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DMR Lobster Surveys Indicate Strong Numbers but a Decline in Juvenile Settlement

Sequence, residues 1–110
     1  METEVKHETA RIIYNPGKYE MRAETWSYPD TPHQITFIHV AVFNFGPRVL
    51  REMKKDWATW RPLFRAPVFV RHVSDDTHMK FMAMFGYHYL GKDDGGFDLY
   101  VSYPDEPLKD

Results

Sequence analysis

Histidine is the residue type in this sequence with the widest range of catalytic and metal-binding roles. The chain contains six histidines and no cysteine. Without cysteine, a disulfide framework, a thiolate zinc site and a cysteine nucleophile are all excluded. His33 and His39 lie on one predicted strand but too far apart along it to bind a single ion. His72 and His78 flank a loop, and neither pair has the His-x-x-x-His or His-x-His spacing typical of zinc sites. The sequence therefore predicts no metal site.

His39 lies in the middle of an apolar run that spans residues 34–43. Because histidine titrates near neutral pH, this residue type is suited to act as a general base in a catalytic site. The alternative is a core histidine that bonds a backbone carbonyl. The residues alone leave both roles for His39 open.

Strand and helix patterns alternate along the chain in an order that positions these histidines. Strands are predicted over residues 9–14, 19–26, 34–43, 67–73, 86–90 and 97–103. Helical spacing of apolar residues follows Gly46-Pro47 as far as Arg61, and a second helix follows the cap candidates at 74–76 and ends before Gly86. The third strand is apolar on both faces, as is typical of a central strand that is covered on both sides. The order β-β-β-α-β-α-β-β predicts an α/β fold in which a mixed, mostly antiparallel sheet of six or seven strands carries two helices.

DMR staff provided a comprehensive review of lobster research and recent landings during a session at the Maine Fishermen’s Forum. Department of Marine Resources (DMR) Commissioner Patrick Keliher announced the much anticipated news about 2017 lobster landings. As expected, lobster landings in 2017 came in lower, at 110.8 million pounds, with a value of $433.8 million. The 2017 lobster landings represent a drop of 16% from the previous year. According to DMR lobster biologist Kathleen Reardon, the summer months made a real difference in the 2016 versus 2017 lobster season. “Things changed in the summer . June and July were different,” she said. In both 2012 and 2016, June and July saw a spike in lobster landings, due to warmer-than-usual water temperatures in those years. The Maine lobster industry is fortunate to have several research programs dedicated to monitoring the health of the lobster resource. These programs monitor the various life stages of lobster from newly settled to juvenile to adult lobsters, providing critical insight on the resource before it reaches legal size. DMR biologist Robert Russell explained that juvenile lobster settlement was once again down in the 40 sites sampled by DMR. “It is the fourth year that settlement is below average, but it is not far off from the long-term average,” he said. Russell pointed out that juvenile lobsters are highly sensitive to water temperature when they reach settlement stage. The optimum temperature is 54oF. Thus in years when the coastal waters remain cool, such as 2017, there is less time for them to settle. In addition, lobsters sampled in the settlement surveys fall between 6.1 to 11.7 mm in carapace size. If the survey included slightly larger lobsters, up to 14.8 mm, then there would be more young of the year counted, making the survey numbers higher. Kathleen Thompson, director of DMR’s sea sampling program, spoke about the results of DMR’s 2017 surveys. The majority of the lobsters sampled during sea sampling are sublegal size. “The catch of sublegals per trap went way up in 2017, except for Zone F,” she noted. DMR’s ventless trap survey, conducted in June, July, and August, is designed to trap juvenile lobsters in coastal waters. The number of sublegal lobsters found in ventless traps in 2017 was less than in 2016, when coastal water temperatures were warmer. However, she found that sublegal lobsters had increased in the traps set in deeper water in eastern Maine. DMR’s spring and fall trawl surveys provide data not only on lobsters but many other commercially valuable species along the coast. The trawl surveys and the sea sampling surveys show a similar trend over time, Reardon noted, which was that sublegal size lobsters, those between 53 and 82 mm, were a dominant portion of the samples. The question that puzzles biologists is how to reconcile the low settlement numbers with the high volume of landed lobsters. “There’s a tremendous disconnect between egg production and the downturn in settlement,” Rick Wahle, University of Maine research professor, said. Egg production is at an all time high, yet settlement numbers have declined. The drop in settlement might be due to increased predation of larval lobsters, he argued, or it could be an expansion in nursery habitat due to warming waters making juvenile lobster density at sampling sites lower. Lobster larvae move through four stages of development before they make their way to bottom to settle at stage 4. “So what’s happening to them between stage 1 and 4?” Wahle asked. One factor that might explain the drop is the shift in copepod abundance, particularly Calanus finmarchicus, a fat-rich copepod that is also the preferred food of right whales. “If that is down, it affects larval abundance,” Wahle said. “Larvae might also be in different places due to the warming ocean.” Wahle is collaborating with Downeast lobstermen to set sampling traps in deep water to assess potential new lobster settlement in those areas. The intent is to understand better whether the surge in small lobsters in the historically cold eastern and deeper parts of the Gulf of Maine is the result of expanded settlement or whether juvenile lobsters are settling in shallow areas and then moving into deeper water. Andy Pershing, chief scientific officer and head of the Ecosystem Modeling Lab at the Gulf of Maine Research Institute (GMRI) in Portland, spoke about the GMRI computer model of the lobster population. The model is based on ocean climate data as well as lobster landings data. “GMRI models the whole life cycle of the lobster including reproduction. It is less data-dependent on the fishery,” Pershing explained. The model incorporates global climate data from the past 30 years as well as other variables like conservation practices in the lobster fishery and mortality from shell disease. The model indicated that, during this 30-year period, the Gulf of Maine lobster population increased by 515%, while the southern New England population declined by 78%. It forecasts that in the future, based on three different temperature scenarios in the Gulf of Maine, the lobster population will enter a gentle decline. “It assumes that conservation measures stay the same and harvesting effort stays the same,” Pershing said.


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